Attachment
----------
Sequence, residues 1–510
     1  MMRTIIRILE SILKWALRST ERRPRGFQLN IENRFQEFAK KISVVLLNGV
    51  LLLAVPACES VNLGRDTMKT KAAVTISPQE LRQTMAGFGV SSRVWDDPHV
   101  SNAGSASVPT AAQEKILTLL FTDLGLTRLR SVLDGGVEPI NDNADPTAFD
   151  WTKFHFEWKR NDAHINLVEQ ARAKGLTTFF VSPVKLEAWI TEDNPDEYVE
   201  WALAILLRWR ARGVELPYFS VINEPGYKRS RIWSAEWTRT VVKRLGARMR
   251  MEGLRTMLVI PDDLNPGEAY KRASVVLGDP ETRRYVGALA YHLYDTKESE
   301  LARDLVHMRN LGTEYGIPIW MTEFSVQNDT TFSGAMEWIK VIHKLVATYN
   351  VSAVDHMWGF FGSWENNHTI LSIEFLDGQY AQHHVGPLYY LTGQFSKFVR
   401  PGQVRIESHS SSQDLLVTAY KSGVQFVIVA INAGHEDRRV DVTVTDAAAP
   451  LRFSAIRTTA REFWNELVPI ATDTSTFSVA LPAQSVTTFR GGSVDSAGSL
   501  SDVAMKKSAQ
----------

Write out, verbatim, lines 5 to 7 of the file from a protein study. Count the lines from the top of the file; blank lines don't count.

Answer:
   151  WTKFHFEWKR NDAHINLVEQ ARAKGLTTFF VSPVKLEAWI TEDNPDEYVE
   201  WALAILLRWR ARGVELPYFS VINEPGYKRS RIWSAEWTRT VVKRLGARMR
   251  MEGLRTMLVI PDDLNPGEAY KRASVVLGDP ETRRYVGALA YHLYDTKESE